Yesterday I put up a post and a video by the Israeli critic of his country’s abuse and massacre of the Palestinians, Ilan Pappe. Dr Pappe is certainly not along amongst Jewish critics of Zionism and its persecution of the indigenous Arabs. A number of people , who were either Jews or of Jewish heritage, commented on an earlier piece in this blog, that they did not support Israel’s horrendous policies. This video is of a talk given by two more of the leading American Jewish critics of Zionism, Norman Finkelstein and Elizabeth Baltzer, introduced and moderated by Adam Shatz, of the London Review of Books. I think its from a literary festival in New York, and both Finkelstein and Baltzer have written a number of books about Israel and the Palestinians. They’re both activists, and Baltzer has spoken at various social, religious and political gatherings, including synagogues and churches. In this video, they talk about the growing abandonment of Zionism by young American Jews. The event consists of first a talk by Dr Finkelstein, followed by Madam Baltzer, and then a longer session where they respond to written questions from the audience.

Finkelstein in his talk describes how for a very long time Jewish identity was not automatically bound up with Zionism, and many Jews were either hostile or indifferent to the idea. The initial Jewish settlers were few. Most Jews wished to stay in their homelands in Europe. Many were opposed to the foundation of a Jewish state, as they feared that this would revive the suspicion that they had dual loyalties. Dr Finkelstein doesn’t mention it, but this was very much the case when Balfour’s Cabinet announced that it would support the creation of a Jewish state in Palestine. The ‘Balfour Declaration’ was opposed by Samuel Montague, the only Jewish member of the Cabinet, because he feared that British Jews would be seen as less than British, with their loyalties ultimately more towards the new Jewish state. Montague was backed in his campaign against the decision by 75 of the leading British Jewish families.

Finkelstein continues, and states that even after the foundation of Israel, many Jews remained sceptical and hostile. He notes that Commentary, the main Jewish magazine in America, frequently ran articles by some of the now most zealous supporters of Israel, criticising it for the maltreatment of the Palestinians. This opposition changed after the 1967 Arab-Israeli War and the defeat of the Arab armies. Israel then became imbued with the same sense of spiritual election and special destiny that informs the American self-image – ‘a shining city on a hill’, ‘a light to guide the Nations’. However, support for Israel by American Jews is by no means unconditional, especially amongst the young. Jewish American politicians, when given a choice between what will benefit Israel as against America, have consistently chosen America. And Israel increasingly plays little part in the self-identity of the younger generation, who increasingly see themselves as American with little connection to Israel.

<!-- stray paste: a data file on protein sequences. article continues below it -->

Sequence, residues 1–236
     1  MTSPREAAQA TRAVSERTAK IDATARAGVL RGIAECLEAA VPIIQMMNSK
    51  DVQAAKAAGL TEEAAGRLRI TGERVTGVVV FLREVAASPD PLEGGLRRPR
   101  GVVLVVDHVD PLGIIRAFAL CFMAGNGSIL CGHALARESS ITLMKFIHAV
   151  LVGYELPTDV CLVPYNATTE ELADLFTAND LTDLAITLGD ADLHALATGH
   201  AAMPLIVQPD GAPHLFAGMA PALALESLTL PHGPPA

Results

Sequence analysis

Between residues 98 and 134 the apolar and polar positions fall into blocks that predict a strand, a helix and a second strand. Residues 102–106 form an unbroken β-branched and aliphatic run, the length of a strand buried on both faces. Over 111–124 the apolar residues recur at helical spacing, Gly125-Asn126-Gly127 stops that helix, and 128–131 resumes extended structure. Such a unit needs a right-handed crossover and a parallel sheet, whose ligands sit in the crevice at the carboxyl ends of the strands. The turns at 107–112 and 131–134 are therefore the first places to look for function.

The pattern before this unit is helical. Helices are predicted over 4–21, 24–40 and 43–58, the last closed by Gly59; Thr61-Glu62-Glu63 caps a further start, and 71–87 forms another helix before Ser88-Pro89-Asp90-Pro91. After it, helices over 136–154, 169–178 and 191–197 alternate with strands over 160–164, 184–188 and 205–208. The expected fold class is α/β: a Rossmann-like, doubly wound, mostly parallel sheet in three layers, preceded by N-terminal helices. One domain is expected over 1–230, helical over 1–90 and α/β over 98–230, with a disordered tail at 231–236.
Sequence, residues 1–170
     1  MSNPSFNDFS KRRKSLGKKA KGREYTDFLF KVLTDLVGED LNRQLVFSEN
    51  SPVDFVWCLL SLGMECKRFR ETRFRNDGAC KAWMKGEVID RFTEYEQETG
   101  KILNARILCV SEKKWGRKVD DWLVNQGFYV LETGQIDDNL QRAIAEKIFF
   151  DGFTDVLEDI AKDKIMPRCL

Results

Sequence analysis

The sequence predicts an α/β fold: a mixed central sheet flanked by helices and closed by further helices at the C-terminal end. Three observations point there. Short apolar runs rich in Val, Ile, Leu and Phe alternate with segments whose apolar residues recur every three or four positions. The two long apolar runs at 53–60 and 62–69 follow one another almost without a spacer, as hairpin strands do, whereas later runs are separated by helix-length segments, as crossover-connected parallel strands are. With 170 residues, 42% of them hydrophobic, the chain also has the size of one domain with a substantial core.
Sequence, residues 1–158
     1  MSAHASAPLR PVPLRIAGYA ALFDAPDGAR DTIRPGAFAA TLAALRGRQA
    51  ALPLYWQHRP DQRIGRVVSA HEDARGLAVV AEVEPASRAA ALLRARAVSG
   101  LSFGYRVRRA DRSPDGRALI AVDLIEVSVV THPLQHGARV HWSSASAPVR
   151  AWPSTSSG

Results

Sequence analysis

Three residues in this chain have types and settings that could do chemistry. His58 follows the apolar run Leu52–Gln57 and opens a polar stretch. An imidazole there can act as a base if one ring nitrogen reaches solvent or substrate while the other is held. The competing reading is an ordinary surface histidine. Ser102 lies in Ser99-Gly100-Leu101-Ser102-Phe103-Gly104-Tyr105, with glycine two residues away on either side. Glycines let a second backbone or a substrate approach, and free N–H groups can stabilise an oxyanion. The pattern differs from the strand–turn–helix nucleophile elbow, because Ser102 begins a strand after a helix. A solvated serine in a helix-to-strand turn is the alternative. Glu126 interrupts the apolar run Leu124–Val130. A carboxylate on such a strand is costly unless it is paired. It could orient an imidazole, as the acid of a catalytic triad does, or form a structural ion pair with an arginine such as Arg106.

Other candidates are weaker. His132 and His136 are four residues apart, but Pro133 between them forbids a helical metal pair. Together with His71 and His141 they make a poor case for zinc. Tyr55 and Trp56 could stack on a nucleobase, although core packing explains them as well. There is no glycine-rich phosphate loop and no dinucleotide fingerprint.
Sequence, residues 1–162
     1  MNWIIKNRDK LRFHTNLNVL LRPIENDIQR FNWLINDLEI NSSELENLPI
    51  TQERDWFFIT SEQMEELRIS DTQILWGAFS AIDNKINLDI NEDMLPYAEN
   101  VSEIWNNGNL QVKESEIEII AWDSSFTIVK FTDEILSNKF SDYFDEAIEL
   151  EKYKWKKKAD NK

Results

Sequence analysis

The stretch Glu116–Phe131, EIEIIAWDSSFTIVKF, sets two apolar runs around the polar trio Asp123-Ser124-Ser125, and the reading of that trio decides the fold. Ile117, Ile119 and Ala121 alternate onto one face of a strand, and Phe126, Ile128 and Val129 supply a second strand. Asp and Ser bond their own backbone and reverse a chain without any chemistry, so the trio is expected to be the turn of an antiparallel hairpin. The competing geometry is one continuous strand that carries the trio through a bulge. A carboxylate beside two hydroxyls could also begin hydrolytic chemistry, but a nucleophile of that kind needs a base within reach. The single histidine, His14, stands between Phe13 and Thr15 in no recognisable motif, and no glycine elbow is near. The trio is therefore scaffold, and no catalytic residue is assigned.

Baltzer provides more information on young Jewish Americans rejection of Zionism, and their opposition to the continued abuse and maltreatment of the Palestinians. She discusses the dwindling membership of the Zionist organisations. The chapter in her home in Sonoma in California claims to be thriving, but won’t give the number of synagogues that are affiliated to it. On the other side, she lists a plethora of Jewish groups and organisations devoted to defending the Palestinians. These include such groups of as Young, Jewish and Proud. Baltzer, however, makes the point that ultimately it isn’t about Jews speaking on behalf of the Palestinians. They have their own voice, and it is they who truly deserve to be heard. She notes that some people feel that they somehow need Jewish permission before they support the Palestinians. She makes the excellent point that nobody should need permission, of Jews or anyone else, to listen to the Palestinian people and support them.

I am actually very glad she made this point, as I’ve refrained from blogging about this issue previously as I don’t want to appear anti-Semitic, nor give any succour to the genuine anti-Semites, who are trying to ride on the coat-tails of principled anti-racist opposition to persecution of the Palestinians. It is, paradoxically, good to hear a Jewish voice stating that you shouldn’t need Jewish permission to support the Palestinians, from the perspective that it is understood that the people she’s addressing aren’t anti-Semites.

Despite having the same ultimate gaols, Finkelstein and Baltzer have differences over tactics, and the form the emancipation of the Palestinians could take. One of these differences is over language. Finkelstein does not think that opponents of Israeli policy should use the term Zionism. Most people don’t understand it, and the gaols of the pro-Palestinian movement can be better expressed simply using plain language. These means just stating that you’re opposed to the occupation of the West Bank, or the inferior status of the Palestinians in Israel, the seizure and destruction of their farms, homes and property by the Israeli state.

He also makes the point that if the term ‘Zionism’ is used, their opponents will seize on it to make the worst claim they can about the person using it – that he or she is actively seeking the destruction of Israel, because of the ambiguity about the term’s meaning. They will also use it to try to divert the argument into one about Jewish identity – whether the Jews are a race, religion or people, or perhaps all three. The argument isn’t about Jewish identity. It’s about the appalling way Israel treats the Palestinians.

Baltzer, on the other hand takes the view that there is some good in a limited use of the term within certain contexts.